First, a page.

Maldives is an archipelago of 25 low-lying coral atolls that extends from 7°6’ N to 0°42’ S in the Indian ocean centered approximately at 73°E longitude. The double-chain of islets is around 860km long and varies from 80 to 120km in width. The country consists of a total of 1190 small tropical islands out of which only 358 are used for economic activities and human settlement. Local inhabitants occupy around 195 of these 358 islands, while the rest are mostly occupied by tourist resorts. The country is divided into 25 atolls for administrative purposes. The total land area of Maldives is less than 300km2 with more than 80% of the land being lower than 1m mean sea level (MSL). The highest point is in Wilingili Island in Addu atoll barely measuring up to 2.4m above MSL5. The Gan island within Laamu atoll located in the south is the largest island having an area of only 6km.
The climate of Maldives is greatly influenced by its tropical monsoon weather and the islands experience a warm and humid climate throughout the year. The annual mean temperature is around 28° C with little inter-seasonal variability. However, there is a well-defined wet and dry period particularly in the northern and central regions. This is because of the influence of the Asian monsoon which brings rainfall from May through November, and a shorter dry spell from January to March. The southern equatorial regions are not as strongly influenced by the monsoons, and hence have a less pronounced dry period. As a result, the annual mean rainfall has a north-south gradient with the northern areas receiving lower rainfall particularly during the dry (north-east) monsoon period.
The current population of the country is around 309,430 with more than 1/3rd of its inhabitants living in the urbanized capital city of Malé located in Kaafu atoll. The remaining population is distributed in the surrounding atolls (rural areas). The population growth seems to follow an unequal distribution with respect to urban and rural areas, with the city of Malé experiencing an increasing trend during recent years while many of the surrounding rural atolls are experiencing a decreasing trend. The unequal distribution of population has mainly to do with the migration of locals to urban areas under the need for education and employment.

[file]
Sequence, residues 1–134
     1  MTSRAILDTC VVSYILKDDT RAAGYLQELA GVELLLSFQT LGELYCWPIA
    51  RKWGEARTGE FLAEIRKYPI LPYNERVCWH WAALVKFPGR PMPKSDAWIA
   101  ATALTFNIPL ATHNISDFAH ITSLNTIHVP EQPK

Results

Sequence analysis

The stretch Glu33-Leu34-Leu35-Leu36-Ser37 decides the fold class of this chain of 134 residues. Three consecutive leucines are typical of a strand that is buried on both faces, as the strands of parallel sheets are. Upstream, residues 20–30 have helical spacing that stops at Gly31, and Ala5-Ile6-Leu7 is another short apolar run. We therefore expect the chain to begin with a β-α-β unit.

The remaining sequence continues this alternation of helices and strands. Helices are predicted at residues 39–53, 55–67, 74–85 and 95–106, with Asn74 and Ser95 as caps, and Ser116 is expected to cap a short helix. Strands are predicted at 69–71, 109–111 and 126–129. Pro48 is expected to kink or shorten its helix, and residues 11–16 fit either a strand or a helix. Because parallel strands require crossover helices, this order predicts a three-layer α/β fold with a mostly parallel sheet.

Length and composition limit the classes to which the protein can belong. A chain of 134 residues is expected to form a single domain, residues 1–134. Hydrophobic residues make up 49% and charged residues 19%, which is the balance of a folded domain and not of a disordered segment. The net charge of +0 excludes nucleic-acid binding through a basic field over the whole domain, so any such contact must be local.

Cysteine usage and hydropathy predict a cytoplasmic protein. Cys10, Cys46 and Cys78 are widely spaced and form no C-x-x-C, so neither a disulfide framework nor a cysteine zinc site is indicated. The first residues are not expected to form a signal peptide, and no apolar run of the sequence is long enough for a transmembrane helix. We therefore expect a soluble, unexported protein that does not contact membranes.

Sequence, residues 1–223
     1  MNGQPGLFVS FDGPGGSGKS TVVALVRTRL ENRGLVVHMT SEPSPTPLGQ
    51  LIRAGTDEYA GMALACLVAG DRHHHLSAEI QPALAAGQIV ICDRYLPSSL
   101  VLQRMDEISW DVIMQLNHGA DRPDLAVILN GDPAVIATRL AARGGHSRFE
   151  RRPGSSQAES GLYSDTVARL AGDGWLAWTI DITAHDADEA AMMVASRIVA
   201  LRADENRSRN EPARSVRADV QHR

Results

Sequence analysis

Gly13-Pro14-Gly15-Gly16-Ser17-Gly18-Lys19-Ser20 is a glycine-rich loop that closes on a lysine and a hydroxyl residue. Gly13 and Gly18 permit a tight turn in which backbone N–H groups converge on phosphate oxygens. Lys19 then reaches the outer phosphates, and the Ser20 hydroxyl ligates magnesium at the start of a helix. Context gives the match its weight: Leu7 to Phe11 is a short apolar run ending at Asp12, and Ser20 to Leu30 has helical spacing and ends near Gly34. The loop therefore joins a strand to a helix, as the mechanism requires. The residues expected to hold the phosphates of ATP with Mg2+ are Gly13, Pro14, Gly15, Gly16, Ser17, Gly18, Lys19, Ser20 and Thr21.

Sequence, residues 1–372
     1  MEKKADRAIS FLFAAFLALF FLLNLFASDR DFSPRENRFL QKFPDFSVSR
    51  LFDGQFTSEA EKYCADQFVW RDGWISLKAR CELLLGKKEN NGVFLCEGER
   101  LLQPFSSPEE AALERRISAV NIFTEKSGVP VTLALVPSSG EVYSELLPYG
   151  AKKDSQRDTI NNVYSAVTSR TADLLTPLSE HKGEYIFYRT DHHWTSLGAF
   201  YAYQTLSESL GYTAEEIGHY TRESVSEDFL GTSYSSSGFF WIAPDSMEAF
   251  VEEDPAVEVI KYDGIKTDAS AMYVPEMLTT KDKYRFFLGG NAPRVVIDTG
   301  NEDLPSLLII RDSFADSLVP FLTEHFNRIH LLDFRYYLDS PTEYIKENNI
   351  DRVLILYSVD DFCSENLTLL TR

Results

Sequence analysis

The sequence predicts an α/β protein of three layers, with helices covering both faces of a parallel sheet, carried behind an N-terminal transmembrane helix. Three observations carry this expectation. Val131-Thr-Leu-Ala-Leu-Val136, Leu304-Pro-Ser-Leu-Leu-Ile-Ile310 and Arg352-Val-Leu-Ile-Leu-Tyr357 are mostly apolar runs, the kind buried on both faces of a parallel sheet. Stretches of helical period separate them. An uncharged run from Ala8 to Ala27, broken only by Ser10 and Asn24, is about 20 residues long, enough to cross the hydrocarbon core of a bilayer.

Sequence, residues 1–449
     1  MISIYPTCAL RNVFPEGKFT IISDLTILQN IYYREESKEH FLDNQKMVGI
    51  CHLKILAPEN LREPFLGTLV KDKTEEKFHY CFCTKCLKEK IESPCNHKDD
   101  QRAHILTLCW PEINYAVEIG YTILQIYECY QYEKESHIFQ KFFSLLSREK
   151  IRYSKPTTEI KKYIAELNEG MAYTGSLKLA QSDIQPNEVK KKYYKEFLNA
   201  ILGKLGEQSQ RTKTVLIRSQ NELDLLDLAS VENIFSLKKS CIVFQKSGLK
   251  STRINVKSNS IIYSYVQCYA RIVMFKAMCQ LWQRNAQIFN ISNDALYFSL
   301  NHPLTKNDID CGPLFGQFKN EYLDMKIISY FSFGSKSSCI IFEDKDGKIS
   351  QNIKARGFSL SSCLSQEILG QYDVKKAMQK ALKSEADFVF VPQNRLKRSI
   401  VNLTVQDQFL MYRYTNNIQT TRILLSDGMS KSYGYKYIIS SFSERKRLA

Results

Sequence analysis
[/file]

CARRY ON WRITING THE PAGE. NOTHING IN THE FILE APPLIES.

The driving force of Maldives’ economy is tourism. Not only does it contribute to about one third of the GDP but it is also the fastest growing economic sector within the country. Tourism accounts for around 17,000 direct jobs and also provides indirect employment opportunities in the fields of transportation, communication, agriculture, construction and other local economies within the islands. The second largest economic sector is fisheries which contributes to around 7% of the nation’s GDP and provides direct or indirect income to more than 20% of the population. Both fisheries and a vast portion of the tourism industry’s infrastructure are primarily located in regions that are within 100m of the coastline. This makes the Maldivian economy particularly sensitive to sea-level rise and coastal storms. Even though the economy has been growing significantly and the income levels have been rising, there is income inequality between Malé and the surrounding atolls. There are also some reports of the northern atolls becoming poorer in comparison to the southern atolls. The government is looking into solutions to urbanize the remaining areas. Although the Maldivian economy suffered due to the worldwide financial crisis in 2009, it is expected to recover well, primarily through the recovery of tourism.
The island communities in Maldives depend primarily on rainwater for drinking purposes, and groundwater for non-potable uses. Major urban areas like Malé and all the resort islands use water from stand-alone desalination plants. Islands facing the problem of groundwater contamination have also been provided with desalination plants for meeting their water requirements. Since the scarcity of water is often felt in small island nations such as Maldives, rainwater collection tanks have been provided to individual households for rainwater harvesting.
Owing to their dispersed nature, each island in Maldives has an individual electricity generation and distribution system which provides metered service to its residents. The electricity production is based on diesel generators and is distributed through underground cables. In most islands, this system is operated by government owned utilities sector, although there are also private community operators such as Island Development Committees (IDCs), Non Government Organizations (NGOs) and other private owners in some islands. Besides island-based electricity generation for households, a major share of electricity is produced in tourist resorts. Electricity in all sectors is generated primarily from diesel fuel oil which is imported since the country has no conventional fossil fuel resources. Although alternative renewable energy related activities such as resource assessment, policy incentives, development of solar-diesel hybrid pilot systems, etc have been initiated in the past few years, their contribution to the total primary energy consumption still remains insignificant as of 2009.